Canoe Cinema: This Is Canoeing and The Canoe Movie
By Joe Carberry
Photography by Janusz Wrobel
Paddling filmmakers Will Lyons and Justine Curgenven couldn’t be more opposite. Lyons is a dirtbag C-1 boater from Asheville, N.C., who thrives on the Green River Narrows and is part of the Lunch Video Magazine staff. Curgenven is a sea kayaker from Wales whose achievements include impressive circumnavigations of New Zealand’s South Island and Tasmania, in addition to four groundbreaking sea kayaking DVDs. But they are bound by one thing in particular: Each is debuting a feature-length film this summer headlined by the sport of canoeing, something that hasn’t happened in recent years. “There aren’t a lot of options out there in terms of DVDs,” says Curgenven, whose film, This is Canoeing is on sale now. Lyons’ film The Canoe Movie premieres in August at the summer Outdoor Retailer trade show in Salt Lake City. Here’s what they had to say about the sport, their movies and each other.
Curgenven: I decided to make This is Canoeing for a few different reasons. I’ve done four sea kayaking DVDs and I was getting a bit tired of it. Also my enjoyment in filmmaking is lifestyle. I never thought I’d get rich. I like going on trips. And I wanted to cut through the middle of these places in the film at a good price.
Lyons: The idea with The Canoe Movie was to see what it is that makes people so passionate about canoeing. We saw that when we went to Louie Fest. There were tons of people of all ages from 19 to 60 getting the shit kicked out of them, swimming boney rapids. I wanted to know what it is about this terrifying experience that doesn’t bother them.
Curgenven: A lot of sea kayakers think canoeing is really boring, and I’d like to think This is Canoeing will increase excitement like This is The Sea did. I’ve seen the preview of The Canoe Movie, and I think having both films out there will help the sport.
Lyons: I haven’t watched Justine’s movie yet. I wanted to wait until I’m done with mine, because I didn’t want to watch hers and think, ‘I need some of that in mine.’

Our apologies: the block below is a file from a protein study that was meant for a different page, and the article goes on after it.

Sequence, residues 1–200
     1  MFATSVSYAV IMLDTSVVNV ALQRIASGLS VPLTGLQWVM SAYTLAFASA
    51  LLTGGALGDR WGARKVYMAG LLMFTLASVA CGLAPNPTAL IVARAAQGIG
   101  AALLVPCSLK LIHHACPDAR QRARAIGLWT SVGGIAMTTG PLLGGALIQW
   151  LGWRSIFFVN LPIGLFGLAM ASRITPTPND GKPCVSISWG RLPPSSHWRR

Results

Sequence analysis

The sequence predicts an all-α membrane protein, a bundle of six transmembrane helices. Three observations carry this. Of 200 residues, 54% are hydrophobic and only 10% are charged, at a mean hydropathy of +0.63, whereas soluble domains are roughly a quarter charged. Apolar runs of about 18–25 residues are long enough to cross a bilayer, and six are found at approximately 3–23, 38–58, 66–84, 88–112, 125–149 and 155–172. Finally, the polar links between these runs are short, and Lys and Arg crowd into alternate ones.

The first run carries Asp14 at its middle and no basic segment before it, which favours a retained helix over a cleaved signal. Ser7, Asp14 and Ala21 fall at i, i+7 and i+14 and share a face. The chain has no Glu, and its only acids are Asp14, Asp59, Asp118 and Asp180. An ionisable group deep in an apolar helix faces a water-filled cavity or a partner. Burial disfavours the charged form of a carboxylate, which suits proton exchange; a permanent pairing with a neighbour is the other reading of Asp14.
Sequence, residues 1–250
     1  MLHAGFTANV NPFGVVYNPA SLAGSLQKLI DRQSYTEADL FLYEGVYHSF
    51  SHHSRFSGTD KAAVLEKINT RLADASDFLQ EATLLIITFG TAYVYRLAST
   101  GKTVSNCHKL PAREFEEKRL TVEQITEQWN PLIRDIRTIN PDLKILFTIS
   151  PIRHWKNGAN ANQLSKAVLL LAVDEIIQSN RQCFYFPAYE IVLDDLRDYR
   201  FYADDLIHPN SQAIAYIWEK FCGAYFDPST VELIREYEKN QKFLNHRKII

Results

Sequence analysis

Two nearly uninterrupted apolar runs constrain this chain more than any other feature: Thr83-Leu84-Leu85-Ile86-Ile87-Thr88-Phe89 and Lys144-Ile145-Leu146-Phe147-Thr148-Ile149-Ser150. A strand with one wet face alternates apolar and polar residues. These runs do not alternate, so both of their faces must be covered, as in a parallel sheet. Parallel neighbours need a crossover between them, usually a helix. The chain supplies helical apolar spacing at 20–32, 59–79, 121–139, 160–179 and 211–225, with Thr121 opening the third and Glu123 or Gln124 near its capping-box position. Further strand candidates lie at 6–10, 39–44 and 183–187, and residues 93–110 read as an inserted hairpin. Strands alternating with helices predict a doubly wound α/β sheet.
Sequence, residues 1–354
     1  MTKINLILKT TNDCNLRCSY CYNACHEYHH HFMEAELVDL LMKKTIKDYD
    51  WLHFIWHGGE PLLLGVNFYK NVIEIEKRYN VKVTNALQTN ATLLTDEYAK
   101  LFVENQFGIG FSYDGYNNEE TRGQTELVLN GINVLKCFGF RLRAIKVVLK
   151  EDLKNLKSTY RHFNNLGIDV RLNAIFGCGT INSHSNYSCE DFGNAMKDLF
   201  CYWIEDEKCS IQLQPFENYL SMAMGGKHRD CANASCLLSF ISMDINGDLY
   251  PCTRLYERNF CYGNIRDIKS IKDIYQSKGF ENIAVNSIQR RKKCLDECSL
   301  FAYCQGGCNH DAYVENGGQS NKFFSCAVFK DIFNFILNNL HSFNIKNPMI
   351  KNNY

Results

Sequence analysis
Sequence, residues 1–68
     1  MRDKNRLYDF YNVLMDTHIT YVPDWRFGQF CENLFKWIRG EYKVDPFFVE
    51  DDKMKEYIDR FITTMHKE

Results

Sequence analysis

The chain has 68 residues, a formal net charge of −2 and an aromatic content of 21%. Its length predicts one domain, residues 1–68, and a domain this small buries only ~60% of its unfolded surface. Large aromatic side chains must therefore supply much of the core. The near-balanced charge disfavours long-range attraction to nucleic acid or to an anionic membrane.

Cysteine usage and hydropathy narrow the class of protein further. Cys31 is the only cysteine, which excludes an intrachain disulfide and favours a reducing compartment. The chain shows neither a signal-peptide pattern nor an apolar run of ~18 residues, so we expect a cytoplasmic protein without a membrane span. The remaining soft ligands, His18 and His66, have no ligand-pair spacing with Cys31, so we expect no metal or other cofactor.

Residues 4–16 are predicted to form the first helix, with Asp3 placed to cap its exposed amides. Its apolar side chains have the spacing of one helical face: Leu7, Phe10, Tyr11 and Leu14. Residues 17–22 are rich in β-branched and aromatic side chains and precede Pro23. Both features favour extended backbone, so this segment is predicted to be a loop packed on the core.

Curgenven: Long trips like the Mountain River appealed to me. And steep whitewater on the Moose. Karen Knight and her ballet. There’s so many different people from different aspects of canoeing. I tried to get as many people involved as possible.
Lyons: The Canoe Movie is all whitewater. I didn’t delve into flatwater or tripping or ballet. It’s a lot of action. We have footage from four or five different rivers and all sorts of paddlers from Class V to timid Class II. We went to Mexico with Eli Helbert, Dooley Tombras and Jim Coffey. There was a couple of 30-plus-foot waterfalls. Pretty impressive to watch open canoes run those big drops.
Curgenven: Once I started making the movie, I had to prove myself to canoeists. They just wanted to make sure I knew what I was doing. Then it steamrolled. Becky Mason said, ‘You should contact my brother, Paul.’ Then Paul was like, ‘You should film Mark Scriver. We go to the Moose River every October.’
Lyons: For 10 years I paddled C-1 – you know, the bastardization of kayaking and open boating. Some people just seem to find the canoe paddle more natural. It’s just what they’re used to. It’s some sort of redneck gene that goes deep.
Curgenven: I was impressed with how friendly everyone was. At an open canoe slalom event, I started filming and put my tent up next to everyone. Kevin Callan, who’s done 13 books and is pretty high-profile in the sport, couldn’t have been more friendly.
Lyons: I’m stoked on the future. There’s a group of Boy Scouts from middle Tennessee in the Cookeville area. Michael “Louie” Lewis saw them out on the river a couple of times last year and gave them the name The Lost Tribe. Their sole mission is to take younger, less experienced canoeists down the Hiwassee. People have said that canoeing is done. But canoeing is not going to die. There are still kids really fired up on it and learning. I just don’t know how stoked they’ll be on the old footage in The Canoe Movie of dudes in Pro-Tecs and big moustaches from the late ’80s.